Ian Finch: Ready For All Conditions

As an expedition guide, former Royal Marine and adventure photographer, Ian Finch understands the need to be prepared for all eventualities. In recent years he has led expeditions in Greenland, Mongolia, China and Nepal. To mark the launch of our Pilot All-Conditions Parka, he explains how respecting weather when on expedition can be the difference between life and death.

Explorers and adventurers tread a fine line. There is little room for error out at sea, high in the mountains or deep in the Arctic Circle. Conditions in these regions can change at the flick of a switch; a lack of respect for the environments in which adventure is pursued can be deadly. Knowledge is key. An understanding of tides and currents, of distant clouds signifying katabatic winds, of navigation in thick fog that drops like a curtain, of when to turn back and when to hunker down.

“Weather dictates everything,” says guide and former Royal Marine Ian Finch, whose recent expeditions include a 2000-mile canoe descent of the Yukon River in Canada and a 1300-mile journey to retrace the footsteps of the Cherokee removal. “It can make or break a trip. And it can kill you too. It changes fast, often without warning. When you’re in the middle of nowhere, you have to go into an evaluation mode. If we do this, what’s the outcome? You have to make decisions quickly; that decision may be life-saving.”

Talk to any esteemed explorer and they will reiterate the importance of preparation and respect. The respect is for the power of nature, how conditions can change so quickly, and how vulnerable and inconsequential they feel when at the mercy of Mother Nature. This respect is shown in preparation, knowing what they’re walking into and how easily it can all go wrong if they allow themselves to get complacent.

“I’ve built up my knowledge of weather systems through time in the field and deep research,” continues Ian. I was big into adventure from an early age, climbing mountains and wild-camping whenever I could, but it was in the Royal Marines that I really refined my ability to adapt to hard conditions and cold weather. Training in Arctic and Mountain Warfare sharpened my capacity to thrive in tough environments and push through mental and physical pain when things got really tough. Transferring this into my expeditions and keeping a cool head in the face of adversity can be a matter of life and death.”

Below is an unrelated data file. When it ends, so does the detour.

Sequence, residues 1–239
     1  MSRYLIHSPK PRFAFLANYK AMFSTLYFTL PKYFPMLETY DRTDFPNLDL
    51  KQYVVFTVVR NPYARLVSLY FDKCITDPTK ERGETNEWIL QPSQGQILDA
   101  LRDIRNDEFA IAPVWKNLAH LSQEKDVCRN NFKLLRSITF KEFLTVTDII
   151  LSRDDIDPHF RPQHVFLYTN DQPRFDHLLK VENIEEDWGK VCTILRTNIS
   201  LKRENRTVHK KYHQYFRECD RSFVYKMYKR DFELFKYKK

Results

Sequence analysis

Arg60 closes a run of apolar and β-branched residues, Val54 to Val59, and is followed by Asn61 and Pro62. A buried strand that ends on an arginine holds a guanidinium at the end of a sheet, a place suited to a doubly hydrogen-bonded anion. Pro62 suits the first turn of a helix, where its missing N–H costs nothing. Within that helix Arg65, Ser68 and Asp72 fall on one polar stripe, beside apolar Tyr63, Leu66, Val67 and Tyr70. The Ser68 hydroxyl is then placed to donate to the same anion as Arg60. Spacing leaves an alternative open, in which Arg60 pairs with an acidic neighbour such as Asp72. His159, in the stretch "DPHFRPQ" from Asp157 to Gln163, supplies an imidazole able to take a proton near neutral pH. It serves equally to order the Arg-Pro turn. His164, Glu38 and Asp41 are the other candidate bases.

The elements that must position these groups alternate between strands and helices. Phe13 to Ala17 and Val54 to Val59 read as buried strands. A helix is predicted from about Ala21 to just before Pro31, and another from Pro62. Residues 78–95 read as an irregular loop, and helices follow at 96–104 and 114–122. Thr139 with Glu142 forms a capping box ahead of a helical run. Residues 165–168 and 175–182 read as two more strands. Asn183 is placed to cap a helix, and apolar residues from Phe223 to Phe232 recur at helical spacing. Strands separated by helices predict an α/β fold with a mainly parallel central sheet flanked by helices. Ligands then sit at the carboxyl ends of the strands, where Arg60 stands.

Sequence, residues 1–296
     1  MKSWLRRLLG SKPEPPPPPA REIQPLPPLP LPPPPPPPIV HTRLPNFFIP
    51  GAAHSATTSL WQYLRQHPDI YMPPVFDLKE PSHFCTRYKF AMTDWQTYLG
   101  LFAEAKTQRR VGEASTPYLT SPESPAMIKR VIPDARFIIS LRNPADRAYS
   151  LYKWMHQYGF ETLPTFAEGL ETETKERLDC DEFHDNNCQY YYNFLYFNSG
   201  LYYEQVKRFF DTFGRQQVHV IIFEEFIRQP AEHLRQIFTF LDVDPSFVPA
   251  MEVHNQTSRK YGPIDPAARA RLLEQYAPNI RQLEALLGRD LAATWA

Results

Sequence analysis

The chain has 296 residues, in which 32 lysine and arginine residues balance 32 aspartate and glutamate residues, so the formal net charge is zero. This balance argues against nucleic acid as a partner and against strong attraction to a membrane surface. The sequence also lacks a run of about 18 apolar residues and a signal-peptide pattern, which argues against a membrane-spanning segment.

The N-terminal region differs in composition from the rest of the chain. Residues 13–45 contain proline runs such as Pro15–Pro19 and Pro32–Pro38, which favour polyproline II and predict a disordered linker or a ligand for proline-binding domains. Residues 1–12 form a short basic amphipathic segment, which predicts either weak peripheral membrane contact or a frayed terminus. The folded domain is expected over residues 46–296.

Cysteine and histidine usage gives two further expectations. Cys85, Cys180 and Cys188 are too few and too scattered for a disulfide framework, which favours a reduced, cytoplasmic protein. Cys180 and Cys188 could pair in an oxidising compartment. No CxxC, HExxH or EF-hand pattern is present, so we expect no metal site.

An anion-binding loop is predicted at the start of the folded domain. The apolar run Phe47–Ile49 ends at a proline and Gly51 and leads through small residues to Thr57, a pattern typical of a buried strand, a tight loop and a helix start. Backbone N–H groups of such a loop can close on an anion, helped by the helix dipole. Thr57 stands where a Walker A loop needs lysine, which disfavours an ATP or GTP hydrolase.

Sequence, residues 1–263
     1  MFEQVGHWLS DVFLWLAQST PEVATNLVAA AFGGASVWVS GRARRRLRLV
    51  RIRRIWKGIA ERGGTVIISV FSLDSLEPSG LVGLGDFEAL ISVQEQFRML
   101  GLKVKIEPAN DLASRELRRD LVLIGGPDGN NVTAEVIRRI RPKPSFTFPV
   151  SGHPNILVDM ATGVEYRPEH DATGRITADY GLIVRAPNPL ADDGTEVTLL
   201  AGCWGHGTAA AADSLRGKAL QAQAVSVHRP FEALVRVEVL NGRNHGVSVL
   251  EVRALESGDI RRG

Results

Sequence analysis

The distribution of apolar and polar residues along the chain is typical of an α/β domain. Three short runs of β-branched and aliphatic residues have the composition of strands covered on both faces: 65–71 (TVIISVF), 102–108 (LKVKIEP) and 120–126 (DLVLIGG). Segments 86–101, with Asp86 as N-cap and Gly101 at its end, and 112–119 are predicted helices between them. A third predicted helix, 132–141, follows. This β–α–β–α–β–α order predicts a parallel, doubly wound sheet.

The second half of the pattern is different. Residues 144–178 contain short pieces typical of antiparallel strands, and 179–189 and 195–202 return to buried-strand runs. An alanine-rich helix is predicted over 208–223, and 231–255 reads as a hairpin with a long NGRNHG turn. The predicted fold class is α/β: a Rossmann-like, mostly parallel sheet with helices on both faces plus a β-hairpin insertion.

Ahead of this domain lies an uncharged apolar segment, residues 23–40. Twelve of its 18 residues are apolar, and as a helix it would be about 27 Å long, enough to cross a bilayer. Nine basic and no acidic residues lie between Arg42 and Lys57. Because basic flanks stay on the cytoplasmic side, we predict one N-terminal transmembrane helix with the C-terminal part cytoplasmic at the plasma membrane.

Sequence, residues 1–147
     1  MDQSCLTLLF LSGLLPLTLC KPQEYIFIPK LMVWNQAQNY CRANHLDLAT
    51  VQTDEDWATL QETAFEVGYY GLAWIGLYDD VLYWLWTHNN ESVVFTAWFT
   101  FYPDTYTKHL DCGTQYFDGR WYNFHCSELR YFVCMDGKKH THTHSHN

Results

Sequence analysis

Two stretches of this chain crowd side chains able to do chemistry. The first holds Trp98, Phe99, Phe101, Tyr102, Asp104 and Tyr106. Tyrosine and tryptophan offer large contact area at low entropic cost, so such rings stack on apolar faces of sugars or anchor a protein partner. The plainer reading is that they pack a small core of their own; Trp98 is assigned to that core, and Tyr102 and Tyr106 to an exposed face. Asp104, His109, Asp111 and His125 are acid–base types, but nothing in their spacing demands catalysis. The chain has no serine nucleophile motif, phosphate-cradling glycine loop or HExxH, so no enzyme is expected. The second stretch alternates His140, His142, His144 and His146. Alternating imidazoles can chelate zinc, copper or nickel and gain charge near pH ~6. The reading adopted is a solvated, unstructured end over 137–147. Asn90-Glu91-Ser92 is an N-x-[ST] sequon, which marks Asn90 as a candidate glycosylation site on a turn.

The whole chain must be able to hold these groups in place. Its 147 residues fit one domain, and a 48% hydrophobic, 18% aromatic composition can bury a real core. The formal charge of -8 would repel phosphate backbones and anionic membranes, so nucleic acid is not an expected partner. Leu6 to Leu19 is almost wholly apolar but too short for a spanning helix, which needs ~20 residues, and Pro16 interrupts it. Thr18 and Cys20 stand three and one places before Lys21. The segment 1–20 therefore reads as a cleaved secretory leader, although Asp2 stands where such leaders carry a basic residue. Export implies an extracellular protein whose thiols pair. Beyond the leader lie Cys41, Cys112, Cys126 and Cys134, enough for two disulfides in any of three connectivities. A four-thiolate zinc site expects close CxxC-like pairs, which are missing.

While much of the success to any expedition relies on meticulous preparation and drawing on past experiences, the irregularity of weather commands an ability to be versatile. “The serious stuff is always planned – food, water, safety, evacuation – but with every expedition there has be an overarching flexibility to react to sudden changes. That goes for any environment: be it sailing a mile off the English coast, mountain climbing in Norway, or crossing a glacier in Iceland. You have to be ready for anything.”

“Weather can change so fast, and when you’re miles from rescue or shelter you need to have absolute faith in your gear.” 

A huge facet of this preparation is in sourcing equipment and clothing to enhance performance. “What you’re wearing is make or break – you need the right clothing for the conditions and it’s imperative to have gear you trust; gear you can rely on. In wet weather, it’s imperative you’re dry. In cold weather, you need down jackets to keep you warm. You need the right features in the right place to make your clothing an extension of your body and an asset to the expedition. It sounds simple, but it’s crucial. Weather can change so fast, and when you’re miles from rescue or shelter you need to have absolute faith in your gear.” 

Understanding weather and its potential volatility is part of the draw to the wilds – the attraction to risk is what separates explorers both in mind and body. “I’ve had times at sea, in huge swells, when I’ve wished I’d written my will before going out,” says Ian. “But after a trip like that, looking back at that risk and feeling of being so close to the edge, that’s why we do what we do.”

Ian Finch wears the Pilot All-Conditions Parka, a waterproof down jacket rated to -25ºC and limited to only 50 pieces.